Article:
6 Ways Divorce Legal Professionals Can Shift the “Divorce Corp” Mentality to Provide a Positive Client Experience

We as divorce professionals balance two very important ‘obligations’ – that to our families, to help financially support them – and to our clients, to assist them through a challenging transitionary period in their lives – in the most efficient, compassionate and least disruptive way.

While many of us would like to change the divorce paradigm and legal process itself – that certainly isn’t going to happen overnight and we’ve yet to find real, meaningful solutions that improve the status quo. But what we can do now is change how we approach the system and by doing that, we remain able to earn a living without compromising our personal integrity or perpetuating a system that encourages (many) attorneys to increase animosity rather than deescalate it.

Legal consumers will always need advocates, guidance and/or advice. There will always be people who refuse to play fair, have complicated estates, are dissolving relationships with large power imbalances and/or face emotional strain so significant they are unable to navigate the process without traditional representation. Even so, there are several ways we can practice responsibly and begin to shift a system that has left so many unhappy and beyond frustrated.

 

  1. Focus on the individual: By focusing on the litigant’s needs and concerns (as opposed to what we think is best for them), we can help them to find creative solutions and make choices that are best for themselves. No two relationships are the same so why would we assume that every divorce should be resolved in the same manner? Is having money in the bank for a rainy day more important to your client than receiving more income through spousal support? Partner with therapists, coaches, ally’s to help our client’s identify their goals, rule out anger or vengeance as motivating factors so that we can focus on what matters to them — not prioritize the issues that we feel are most important. By focusing on the individual, we can seek meaningful feedback from them and act on it.
  2. Legal options: Why are we so afraid of unbundled services, legal coaching and/or mediation? There is no one size fits all solution for divorce and the modern consumer understands that. By offering creative and effective options to traditional representation we are not only driving down the cost of divorce for many people, we may find more meaning in our work and happier clients. Sure our volume increases but we also aren’t left with tons of cases that never seem to ‘go away’ – making for frustrated clients and disillusioned lawyers.
  3. Assess practical implications: How can we make life smoother during the divorce and help to create less problems for the client after divorce? Sometimes that means encouraging them to give a little (or a lot in some areas) to get what they need to help them and their kids in everyday life. We can look to the person and how s/he walks through life to help determine what can maximize his or her best result.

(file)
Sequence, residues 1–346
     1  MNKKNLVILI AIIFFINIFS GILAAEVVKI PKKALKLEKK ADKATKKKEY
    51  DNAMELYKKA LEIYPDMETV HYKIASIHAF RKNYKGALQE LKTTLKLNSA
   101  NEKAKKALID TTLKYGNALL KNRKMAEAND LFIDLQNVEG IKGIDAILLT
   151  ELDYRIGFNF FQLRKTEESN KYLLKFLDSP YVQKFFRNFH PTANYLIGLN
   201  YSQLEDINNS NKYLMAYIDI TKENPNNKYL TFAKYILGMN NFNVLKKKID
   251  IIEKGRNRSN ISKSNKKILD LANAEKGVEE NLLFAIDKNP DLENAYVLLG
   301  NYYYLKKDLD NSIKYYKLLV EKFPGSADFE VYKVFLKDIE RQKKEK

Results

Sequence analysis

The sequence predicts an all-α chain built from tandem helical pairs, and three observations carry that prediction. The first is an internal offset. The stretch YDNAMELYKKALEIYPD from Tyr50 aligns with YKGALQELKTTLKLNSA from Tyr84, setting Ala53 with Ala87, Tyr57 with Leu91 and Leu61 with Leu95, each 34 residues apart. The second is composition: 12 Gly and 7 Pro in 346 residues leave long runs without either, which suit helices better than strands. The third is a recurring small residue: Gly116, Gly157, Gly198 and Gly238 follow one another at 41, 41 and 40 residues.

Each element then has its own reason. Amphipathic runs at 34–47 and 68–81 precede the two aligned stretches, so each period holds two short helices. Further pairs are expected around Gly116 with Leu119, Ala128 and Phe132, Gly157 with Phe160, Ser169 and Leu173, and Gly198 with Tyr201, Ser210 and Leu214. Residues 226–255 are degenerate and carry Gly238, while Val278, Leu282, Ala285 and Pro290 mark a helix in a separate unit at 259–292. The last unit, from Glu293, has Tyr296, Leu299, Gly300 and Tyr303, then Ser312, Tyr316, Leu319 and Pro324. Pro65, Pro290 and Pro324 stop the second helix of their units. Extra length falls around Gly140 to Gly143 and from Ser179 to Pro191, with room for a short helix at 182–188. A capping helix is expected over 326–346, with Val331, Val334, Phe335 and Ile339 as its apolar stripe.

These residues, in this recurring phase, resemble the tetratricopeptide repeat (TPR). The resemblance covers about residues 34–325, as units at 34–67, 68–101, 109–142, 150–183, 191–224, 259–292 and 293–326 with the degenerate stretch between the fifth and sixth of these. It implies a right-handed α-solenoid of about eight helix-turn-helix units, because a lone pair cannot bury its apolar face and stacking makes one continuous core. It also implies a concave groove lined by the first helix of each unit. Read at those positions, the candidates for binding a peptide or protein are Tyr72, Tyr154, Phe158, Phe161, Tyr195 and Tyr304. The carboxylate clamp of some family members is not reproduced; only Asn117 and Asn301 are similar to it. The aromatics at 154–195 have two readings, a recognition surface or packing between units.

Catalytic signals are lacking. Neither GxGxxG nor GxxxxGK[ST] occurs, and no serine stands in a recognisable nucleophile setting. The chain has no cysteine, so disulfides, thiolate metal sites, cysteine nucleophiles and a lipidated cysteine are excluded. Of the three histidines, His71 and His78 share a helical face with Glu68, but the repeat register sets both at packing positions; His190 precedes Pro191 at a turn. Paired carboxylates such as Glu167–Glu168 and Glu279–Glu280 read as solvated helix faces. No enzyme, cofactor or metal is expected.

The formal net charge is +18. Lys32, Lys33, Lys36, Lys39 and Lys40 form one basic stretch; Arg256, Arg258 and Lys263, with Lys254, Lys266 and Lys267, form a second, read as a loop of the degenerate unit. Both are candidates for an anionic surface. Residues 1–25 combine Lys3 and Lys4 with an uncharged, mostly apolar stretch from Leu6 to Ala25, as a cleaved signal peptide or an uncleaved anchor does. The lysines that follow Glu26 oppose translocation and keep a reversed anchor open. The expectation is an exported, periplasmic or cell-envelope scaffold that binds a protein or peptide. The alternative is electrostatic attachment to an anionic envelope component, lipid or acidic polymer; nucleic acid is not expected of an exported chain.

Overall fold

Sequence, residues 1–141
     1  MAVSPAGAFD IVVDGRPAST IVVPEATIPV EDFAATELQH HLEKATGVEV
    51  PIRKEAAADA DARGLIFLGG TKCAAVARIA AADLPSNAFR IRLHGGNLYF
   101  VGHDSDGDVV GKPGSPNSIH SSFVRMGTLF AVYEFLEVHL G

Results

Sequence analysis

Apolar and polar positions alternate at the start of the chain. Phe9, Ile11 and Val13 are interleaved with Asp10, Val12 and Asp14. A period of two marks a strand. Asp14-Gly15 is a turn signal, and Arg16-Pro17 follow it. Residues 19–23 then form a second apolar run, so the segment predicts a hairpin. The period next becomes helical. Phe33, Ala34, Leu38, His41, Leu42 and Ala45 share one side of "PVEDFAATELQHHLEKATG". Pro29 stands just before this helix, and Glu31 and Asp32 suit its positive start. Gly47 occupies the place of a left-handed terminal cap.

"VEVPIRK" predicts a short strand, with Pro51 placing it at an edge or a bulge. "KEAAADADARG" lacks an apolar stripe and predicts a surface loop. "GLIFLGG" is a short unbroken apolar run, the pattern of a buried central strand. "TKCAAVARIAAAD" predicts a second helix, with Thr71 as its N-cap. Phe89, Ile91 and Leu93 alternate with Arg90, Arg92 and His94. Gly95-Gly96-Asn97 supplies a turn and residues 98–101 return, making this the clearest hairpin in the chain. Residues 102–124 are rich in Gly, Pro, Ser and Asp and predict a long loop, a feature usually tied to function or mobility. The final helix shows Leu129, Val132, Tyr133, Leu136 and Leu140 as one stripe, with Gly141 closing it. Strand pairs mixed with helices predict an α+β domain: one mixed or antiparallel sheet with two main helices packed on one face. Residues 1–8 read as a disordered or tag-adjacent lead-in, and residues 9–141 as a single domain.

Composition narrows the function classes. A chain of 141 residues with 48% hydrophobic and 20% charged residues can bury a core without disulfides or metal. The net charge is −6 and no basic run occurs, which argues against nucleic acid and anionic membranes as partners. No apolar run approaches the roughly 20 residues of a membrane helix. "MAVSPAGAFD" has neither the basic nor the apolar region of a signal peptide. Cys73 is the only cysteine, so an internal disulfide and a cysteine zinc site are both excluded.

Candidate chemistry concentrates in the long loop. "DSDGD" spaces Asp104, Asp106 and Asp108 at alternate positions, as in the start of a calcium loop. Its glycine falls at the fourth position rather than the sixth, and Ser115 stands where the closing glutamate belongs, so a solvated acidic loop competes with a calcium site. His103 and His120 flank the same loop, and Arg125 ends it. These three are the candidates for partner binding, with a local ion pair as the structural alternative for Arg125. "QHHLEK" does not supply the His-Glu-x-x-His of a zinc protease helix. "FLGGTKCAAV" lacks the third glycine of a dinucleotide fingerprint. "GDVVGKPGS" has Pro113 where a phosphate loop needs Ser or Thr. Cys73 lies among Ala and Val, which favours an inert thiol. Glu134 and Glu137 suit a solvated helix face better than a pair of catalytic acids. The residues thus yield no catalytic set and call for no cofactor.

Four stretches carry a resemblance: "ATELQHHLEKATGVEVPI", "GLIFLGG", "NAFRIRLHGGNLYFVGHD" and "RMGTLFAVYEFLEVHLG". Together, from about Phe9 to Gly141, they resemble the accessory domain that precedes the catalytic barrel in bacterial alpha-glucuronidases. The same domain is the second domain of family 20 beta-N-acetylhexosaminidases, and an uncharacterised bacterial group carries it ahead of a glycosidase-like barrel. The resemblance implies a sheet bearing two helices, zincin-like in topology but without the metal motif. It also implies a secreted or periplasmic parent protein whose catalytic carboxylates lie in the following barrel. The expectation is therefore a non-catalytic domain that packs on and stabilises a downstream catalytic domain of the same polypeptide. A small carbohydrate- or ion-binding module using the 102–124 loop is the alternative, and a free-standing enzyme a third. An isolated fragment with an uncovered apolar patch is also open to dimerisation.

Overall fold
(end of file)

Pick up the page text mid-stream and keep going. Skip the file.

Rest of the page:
4. Destigmatize divorce: Let’s do our part to refrain from judgment and encourage our community to better understand divorce. It’s awful feeling isolated or being told that you should have “worked harder.” No child benefits from having miserable parents who stay married but can’t stand the sight of each other. It is courageous to leave an unhappy relationship and rarely is it done without months or years of agonizing thought, tons of therapy, adjustment of expectations and facing internal demons. We need to disrupt the prevailing societal message that when we divorce, we fail. Sometimes marriages just don’t work out.
  5. Guide not proselytize: Is there a way for our client to understand profound consequences of their actions without instilling the fear of god? I think so. Motivating by fear is paralyzing while providing encouragement is liberating. By guiding our clients we are empowering them to make their own decisions – decisions that they will likely feel better about.
  6. Transparency with information: Providing valuable information about the law and legal system through resources, infographics, online options, and instructional videos – will not make lawyers obsolete or unnecessary. Instead it will actually make our work more meaningful and interesting. Instead of explaining what “proof of service” is or what the law says about reimbursements for down payments on a joint residence, we can be spending our time doing what people want lawyers to do – finding outside the box solutions and strategizing negotiation tactics that work.

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